The Seattle Mariners got the best of Los Angeles Angels starting pitcher Andrew Heaney on Monday, securing their spot for now atop the American League West. If the Angels are to remain in contention, they need to at least avoid a sweep.
Monday’s matchup came across as more of a home run derby than a normal game. Mike Trout nearly gave a one-man show from the Angels’ side, blasting two long balls at over 110 miles per hour off the bat. Albert Pujols joined him in the top of the first to start what no doubt gave many Halos fans a premature expectation for an easy upset. The Mariners quickly answered, though, and in less than four innings, they hit Heaney a total of more than 1,200 feet, including three home runs.
Heaney’s performance marked a major disappointment following his recent one-hit shutout against the Kansas City Royals. But credit for the Mariners’ victory also belongs to Seattle manager Scott Servais, who had Wade LeBlanc walk Trout to load the bases, then left LeBlanc in to face Justin Upton. A base hit would have at least meant extra innings. Upton, however, was 3 for 13 against LeBlanc, and LeBlanc struck him out on a 3-2 count with his cutter.
The series opener presented an opportunity for the Angels—then on a nine-game winning streak—to break the momentum that Seattle had built after the Mariners went 7-2 in June. Along with the Houston Astros, both teams stood poised to win the division. The Angels’ recent loss of Shohei Ohtani, however, made their 4 1/2 game trailing to the Mariners seem much greater. A win on Monday would have given them a clear morale boost.
The next two games could send the Mariners and Astros off to the races if the Angels cannot find a way to cool their rivals to the north.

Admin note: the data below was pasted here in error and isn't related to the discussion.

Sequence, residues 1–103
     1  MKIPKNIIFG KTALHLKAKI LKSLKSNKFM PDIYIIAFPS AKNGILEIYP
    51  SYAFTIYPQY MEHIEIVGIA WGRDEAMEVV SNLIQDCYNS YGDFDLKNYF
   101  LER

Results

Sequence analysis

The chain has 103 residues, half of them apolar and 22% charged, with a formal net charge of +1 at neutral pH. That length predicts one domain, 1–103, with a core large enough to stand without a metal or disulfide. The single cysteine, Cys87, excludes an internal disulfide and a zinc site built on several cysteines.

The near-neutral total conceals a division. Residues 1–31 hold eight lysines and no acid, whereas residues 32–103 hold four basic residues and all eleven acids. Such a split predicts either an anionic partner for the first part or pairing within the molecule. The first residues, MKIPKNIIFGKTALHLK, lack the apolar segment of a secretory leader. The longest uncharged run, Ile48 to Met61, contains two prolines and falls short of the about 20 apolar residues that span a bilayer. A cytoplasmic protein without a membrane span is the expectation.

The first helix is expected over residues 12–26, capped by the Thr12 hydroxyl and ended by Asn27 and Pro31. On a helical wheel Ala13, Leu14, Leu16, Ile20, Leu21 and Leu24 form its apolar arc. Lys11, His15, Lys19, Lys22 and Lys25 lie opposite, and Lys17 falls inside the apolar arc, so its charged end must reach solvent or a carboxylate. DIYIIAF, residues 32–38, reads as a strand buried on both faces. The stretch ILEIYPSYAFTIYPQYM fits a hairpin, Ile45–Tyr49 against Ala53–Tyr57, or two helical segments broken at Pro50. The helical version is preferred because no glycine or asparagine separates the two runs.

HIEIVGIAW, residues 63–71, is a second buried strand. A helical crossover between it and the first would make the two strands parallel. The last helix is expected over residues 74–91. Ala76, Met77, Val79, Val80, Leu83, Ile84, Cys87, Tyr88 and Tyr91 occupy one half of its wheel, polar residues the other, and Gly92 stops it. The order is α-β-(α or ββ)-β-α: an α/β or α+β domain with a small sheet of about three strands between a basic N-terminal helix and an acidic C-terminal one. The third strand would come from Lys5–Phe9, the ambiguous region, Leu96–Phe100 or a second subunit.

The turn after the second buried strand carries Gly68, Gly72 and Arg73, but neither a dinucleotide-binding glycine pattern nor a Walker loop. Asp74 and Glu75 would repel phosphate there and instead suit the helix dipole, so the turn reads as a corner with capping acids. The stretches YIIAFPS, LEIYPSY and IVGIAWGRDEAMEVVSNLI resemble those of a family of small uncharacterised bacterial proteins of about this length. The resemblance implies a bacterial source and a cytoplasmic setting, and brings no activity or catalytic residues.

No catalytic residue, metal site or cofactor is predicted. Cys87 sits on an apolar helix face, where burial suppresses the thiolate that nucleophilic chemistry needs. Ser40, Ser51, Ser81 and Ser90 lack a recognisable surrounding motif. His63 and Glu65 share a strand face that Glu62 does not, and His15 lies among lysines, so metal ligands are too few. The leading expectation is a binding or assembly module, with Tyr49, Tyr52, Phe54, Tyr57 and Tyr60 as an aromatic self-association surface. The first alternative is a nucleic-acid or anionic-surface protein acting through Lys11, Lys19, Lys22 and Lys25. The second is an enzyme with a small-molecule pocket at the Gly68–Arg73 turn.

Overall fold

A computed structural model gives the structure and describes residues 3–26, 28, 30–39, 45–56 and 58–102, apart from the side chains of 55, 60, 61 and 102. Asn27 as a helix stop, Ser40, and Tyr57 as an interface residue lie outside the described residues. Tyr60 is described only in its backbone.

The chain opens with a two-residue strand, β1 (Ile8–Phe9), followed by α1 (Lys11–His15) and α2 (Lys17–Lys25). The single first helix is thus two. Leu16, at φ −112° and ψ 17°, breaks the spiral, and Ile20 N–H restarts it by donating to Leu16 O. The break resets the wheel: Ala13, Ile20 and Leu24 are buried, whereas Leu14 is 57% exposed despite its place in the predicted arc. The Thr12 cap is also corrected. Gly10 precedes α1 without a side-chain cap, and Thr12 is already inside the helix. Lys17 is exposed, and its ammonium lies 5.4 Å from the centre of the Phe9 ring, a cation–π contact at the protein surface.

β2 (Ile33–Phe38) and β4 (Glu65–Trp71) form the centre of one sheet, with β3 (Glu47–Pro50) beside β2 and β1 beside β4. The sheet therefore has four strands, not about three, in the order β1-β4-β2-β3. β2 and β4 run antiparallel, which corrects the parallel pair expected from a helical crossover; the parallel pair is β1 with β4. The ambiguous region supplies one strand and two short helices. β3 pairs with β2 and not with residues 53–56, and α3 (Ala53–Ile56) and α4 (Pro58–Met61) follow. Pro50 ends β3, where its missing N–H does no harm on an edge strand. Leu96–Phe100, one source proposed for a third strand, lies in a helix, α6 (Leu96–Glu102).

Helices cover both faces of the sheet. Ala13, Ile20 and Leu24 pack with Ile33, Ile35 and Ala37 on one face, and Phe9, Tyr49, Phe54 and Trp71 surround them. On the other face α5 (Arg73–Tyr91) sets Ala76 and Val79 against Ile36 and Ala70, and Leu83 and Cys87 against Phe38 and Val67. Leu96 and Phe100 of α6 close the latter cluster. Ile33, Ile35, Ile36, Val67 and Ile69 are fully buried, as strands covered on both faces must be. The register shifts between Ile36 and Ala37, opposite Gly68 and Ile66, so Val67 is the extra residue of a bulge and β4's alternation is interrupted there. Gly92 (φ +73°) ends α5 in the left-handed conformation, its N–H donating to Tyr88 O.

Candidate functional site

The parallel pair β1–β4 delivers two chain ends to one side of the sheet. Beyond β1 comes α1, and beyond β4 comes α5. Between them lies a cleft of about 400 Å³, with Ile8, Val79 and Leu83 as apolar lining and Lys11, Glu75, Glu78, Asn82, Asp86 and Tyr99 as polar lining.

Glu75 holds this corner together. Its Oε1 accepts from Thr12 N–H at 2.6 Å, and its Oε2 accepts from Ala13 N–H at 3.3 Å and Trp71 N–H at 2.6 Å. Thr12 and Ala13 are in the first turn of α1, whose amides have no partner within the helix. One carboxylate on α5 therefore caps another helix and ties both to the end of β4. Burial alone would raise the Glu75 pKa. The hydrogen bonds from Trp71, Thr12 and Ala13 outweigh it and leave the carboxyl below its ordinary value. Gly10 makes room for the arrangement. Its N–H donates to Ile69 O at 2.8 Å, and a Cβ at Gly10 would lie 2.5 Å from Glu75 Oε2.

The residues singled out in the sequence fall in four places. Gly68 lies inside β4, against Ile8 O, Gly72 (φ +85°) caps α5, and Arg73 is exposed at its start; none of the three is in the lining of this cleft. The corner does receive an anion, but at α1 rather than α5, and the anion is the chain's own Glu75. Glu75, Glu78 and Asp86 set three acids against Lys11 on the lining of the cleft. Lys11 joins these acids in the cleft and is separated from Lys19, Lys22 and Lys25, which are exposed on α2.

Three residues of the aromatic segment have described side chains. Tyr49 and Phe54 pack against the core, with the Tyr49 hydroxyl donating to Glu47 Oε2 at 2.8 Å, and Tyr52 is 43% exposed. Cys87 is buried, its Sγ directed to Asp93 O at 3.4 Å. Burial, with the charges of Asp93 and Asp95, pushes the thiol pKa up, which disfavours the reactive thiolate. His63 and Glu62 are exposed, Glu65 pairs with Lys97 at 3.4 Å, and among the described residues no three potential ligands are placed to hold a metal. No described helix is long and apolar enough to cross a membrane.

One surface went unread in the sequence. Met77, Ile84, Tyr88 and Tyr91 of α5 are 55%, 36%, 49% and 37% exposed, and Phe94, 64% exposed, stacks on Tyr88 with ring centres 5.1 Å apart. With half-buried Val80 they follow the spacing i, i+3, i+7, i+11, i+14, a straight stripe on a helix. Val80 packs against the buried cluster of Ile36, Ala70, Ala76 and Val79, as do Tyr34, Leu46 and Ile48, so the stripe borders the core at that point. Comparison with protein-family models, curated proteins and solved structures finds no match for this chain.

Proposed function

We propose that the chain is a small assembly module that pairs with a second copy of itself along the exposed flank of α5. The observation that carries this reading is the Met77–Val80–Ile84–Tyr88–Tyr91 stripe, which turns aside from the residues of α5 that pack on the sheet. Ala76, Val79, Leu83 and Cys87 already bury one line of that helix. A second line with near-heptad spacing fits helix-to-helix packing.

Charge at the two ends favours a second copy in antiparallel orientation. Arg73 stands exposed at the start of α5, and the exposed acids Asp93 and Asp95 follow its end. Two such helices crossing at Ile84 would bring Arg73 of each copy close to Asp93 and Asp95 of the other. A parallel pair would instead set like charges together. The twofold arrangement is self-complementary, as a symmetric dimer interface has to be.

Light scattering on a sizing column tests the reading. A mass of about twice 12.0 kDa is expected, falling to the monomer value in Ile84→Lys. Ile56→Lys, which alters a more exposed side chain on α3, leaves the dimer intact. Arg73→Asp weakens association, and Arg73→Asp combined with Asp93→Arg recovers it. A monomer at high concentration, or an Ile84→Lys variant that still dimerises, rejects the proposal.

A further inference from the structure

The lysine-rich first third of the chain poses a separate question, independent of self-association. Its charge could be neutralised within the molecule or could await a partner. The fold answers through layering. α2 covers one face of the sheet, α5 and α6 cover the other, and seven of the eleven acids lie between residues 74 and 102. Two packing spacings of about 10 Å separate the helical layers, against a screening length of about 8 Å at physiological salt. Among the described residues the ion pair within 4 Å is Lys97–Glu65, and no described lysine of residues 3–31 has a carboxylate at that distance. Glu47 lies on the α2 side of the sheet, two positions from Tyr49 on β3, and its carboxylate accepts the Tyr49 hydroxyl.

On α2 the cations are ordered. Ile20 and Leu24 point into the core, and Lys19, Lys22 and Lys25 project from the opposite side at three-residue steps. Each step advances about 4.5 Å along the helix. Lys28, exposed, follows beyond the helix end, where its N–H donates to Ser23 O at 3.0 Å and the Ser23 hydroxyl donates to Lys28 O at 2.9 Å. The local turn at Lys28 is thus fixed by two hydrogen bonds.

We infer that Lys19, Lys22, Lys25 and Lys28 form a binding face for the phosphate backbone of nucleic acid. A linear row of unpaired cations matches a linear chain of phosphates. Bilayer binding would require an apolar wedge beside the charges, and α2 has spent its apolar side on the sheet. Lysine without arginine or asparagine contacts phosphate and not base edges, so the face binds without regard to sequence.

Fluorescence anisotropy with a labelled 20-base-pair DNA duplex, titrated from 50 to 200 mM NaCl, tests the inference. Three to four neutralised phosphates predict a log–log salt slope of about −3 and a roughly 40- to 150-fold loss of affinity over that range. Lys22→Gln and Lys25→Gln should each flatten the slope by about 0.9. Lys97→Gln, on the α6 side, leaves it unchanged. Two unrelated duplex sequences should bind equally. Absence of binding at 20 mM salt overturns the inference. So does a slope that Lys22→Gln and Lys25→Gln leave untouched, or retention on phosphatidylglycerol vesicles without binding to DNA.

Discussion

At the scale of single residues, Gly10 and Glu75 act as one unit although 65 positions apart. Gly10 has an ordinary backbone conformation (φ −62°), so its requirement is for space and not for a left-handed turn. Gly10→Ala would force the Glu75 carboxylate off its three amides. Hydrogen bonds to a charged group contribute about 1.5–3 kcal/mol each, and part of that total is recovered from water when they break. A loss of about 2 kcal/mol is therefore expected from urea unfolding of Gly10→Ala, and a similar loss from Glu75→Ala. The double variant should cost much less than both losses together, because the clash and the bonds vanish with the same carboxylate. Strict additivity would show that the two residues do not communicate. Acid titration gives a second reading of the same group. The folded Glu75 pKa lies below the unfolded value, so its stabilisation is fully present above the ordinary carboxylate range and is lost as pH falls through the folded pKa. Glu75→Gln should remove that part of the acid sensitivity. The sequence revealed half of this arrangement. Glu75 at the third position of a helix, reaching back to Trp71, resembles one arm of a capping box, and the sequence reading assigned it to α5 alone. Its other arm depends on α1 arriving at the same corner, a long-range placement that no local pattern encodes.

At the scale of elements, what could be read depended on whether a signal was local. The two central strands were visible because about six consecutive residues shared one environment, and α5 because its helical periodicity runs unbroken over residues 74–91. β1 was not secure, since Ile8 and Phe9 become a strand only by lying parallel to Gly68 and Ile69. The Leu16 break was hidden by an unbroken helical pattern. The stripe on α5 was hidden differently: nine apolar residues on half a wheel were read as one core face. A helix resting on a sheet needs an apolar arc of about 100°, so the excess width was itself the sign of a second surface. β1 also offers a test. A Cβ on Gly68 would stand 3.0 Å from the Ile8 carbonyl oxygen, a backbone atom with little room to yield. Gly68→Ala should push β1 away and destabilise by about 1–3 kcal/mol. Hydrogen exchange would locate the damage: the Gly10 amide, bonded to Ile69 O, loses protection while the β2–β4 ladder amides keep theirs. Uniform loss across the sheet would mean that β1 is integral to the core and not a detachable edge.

Today, the Angels’ rookie Jaime Barria (2.48 ERA) will likely fill Ohtani’s shoes, and Angels bats will face Mike Leake (4.46 ERA).
Game one did not show clear dominance on the part of the Mariners, and if Barria performs better than Heaney the Angels have a solid shot of taking this one because of how well they have hit Leake in the past. A key concern, though, is the steady improvement of the Mariners as a team—including Leake—who despite his overall high ERA, has kept it under 2.0 in the past four games.
The Angels desperately need to win the series against the Mariners, but if they lose another one, it does not need to be the one tonight. Much will depend on Barria’s ability to get the job done at the mound to reassure fans and his teammates that the team will continue to soar without Ohtani.
A series win for the Angels would put the AL West back on the path to a three-way toss-up. Most importantly, it would give the Halos a much needed morale boost coming off the loss of one of their best players.